Introducing Henry Ngo

Henry Ngo (@AstroDino; www.planetngo.ca) is a Plaskett Postdoctoral Fellow working at the National Research Council of Canada’s Herzberg Astronomy & Astrophysics Research Centre in Victoria, British Columbia. In addition to typing out extremely long affiliations, he is interested in the origin and evolution of giant exoplanets. Specifically, he uses the direct imaging method to search for planetary and binary star systems to reveal clues about planetary histories.
Henry is passionate about outreach and enjoys visits to Victoria-area public schools. He regularly thinks and tweets about the role of scientists in society, work-life balance for early career academics, creating a equitable, inclusive and diverse academic community, and the adventures of being a parent to a 1-year-old.

Introducing John Wenskovitch

John Wenskovitch (@wenskovitch) is a PhD student in the Computer Science Department at Virginia Tech.  His research falls in a zone combining aspects of data visualization, human-computer interaction, and machine learning.  As a part of the Discovery Analytics Center, he works to develop intelligent and interactive techniques for the visualization and exploration of high-dimensional datasets.  His past work in collaboration with astronomers involved visualizing and interactively exploring spectral flux density data from stellar merger simulations.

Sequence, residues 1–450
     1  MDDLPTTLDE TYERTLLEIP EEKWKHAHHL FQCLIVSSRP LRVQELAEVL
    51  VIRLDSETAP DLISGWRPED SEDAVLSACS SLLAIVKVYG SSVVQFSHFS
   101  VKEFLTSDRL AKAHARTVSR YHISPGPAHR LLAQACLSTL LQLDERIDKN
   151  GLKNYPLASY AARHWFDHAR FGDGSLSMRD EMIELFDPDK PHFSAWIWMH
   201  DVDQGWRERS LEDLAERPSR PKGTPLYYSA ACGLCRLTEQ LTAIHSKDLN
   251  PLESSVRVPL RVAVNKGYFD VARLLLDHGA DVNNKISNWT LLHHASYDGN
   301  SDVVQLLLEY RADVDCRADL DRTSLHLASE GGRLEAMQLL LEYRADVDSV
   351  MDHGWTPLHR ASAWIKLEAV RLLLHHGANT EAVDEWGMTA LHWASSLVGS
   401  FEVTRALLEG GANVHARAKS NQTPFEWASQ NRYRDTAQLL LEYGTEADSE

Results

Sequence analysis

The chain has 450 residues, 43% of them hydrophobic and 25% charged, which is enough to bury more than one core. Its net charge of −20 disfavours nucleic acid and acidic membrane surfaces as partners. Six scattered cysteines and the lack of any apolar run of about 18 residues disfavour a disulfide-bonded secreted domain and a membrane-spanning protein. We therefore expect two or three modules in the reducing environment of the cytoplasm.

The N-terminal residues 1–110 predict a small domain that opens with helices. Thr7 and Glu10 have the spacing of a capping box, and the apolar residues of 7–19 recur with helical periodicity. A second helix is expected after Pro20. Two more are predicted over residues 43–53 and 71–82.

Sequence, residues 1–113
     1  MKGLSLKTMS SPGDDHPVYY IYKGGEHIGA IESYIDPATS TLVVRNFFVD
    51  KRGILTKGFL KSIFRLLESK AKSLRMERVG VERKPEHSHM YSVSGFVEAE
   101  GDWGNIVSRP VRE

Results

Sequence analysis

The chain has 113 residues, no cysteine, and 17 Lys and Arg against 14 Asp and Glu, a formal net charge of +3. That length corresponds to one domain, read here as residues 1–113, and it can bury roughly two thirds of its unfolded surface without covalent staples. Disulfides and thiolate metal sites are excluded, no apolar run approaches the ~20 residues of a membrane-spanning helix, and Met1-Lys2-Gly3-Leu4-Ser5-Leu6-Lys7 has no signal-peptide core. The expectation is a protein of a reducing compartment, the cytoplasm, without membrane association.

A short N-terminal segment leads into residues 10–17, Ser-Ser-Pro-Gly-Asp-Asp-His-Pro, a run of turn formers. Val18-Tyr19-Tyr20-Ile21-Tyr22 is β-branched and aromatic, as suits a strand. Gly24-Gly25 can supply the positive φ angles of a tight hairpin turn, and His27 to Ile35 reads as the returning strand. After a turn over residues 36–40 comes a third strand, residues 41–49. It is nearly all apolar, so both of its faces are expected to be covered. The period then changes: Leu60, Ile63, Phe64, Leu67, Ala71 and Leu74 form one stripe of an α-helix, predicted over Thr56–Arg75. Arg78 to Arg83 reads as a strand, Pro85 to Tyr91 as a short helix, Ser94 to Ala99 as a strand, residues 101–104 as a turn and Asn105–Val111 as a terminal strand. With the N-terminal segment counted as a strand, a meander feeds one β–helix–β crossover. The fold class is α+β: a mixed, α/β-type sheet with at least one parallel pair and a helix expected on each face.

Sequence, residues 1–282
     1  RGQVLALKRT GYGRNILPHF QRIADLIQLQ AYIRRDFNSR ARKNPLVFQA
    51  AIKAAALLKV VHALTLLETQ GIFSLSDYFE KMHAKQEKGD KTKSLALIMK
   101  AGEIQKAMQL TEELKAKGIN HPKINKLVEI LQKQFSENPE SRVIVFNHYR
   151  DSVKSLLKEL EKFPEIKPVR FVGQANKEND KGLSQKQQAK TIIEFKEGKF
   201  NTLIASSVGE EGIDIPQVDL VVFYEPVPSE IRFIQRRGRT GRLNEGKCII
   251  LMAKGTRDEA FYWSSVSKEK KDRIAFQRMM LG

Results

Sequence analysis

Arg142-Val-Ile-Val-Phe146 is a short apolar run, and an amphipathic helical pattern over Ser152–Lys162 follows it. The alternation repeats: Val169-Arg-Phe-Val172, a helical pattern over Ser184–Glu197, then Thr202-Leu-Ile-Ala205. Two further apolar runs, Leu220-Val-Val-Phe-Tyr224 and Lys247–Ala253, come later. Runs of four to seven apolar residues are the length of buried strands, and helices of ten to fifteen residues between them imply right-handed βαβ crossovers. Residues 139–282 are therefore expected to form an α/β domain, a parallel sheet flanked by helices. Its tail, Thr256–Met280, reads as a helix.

John is also an amateur astronomer, volunteering his free time at observatories and with his own telescopes to share the otherwise-invisible wonders that can be found telescopically to all who are interested.  He is passionate about astronomical outreach, particularly regarding light pollution and basic science education.  He currently serves as Vice-President of the Roanoke Valley Astronomical Society, and is actively involved in outreach with the Amateur Astronomers Association of Pittsburgh.
During those unfortunate nights when the moon is full or the weather is sub-par, John is also an avid science fiction reader, mediocre marathoner, accidental artist, nature enthusiast, and traveler (having set foot in 43 US states and 25 countries over the past five years).

Introducing Emily Hunt

Emily Hunt (@emilydoesastro) is a final year undergraduate at the University of Bath in the UK. She is approaching the end of a summer internship, with the aim of improving the knowledge of dust extinction to variable stars in the Magellanic clouds by using parallax data from the Gaia satellite. The past couple of months have been an adventure in learning about Bayesian statistics, variable stars, and doing large-scale data analysis in Python. Emily is also passionate about equality and diversity in science, being involved in running a Network of Women in Physics at her university and being an advocate for LGBT+ people in STEM.

In her spare time, Emily does live sound engineering and plays guitar. She grew up in Coventry in the middle of the UK, and developed her passion for space after a family move nearer to the countryside with a darker night sky. She’s also a science fiction buff, and has an arduino called Lovelace.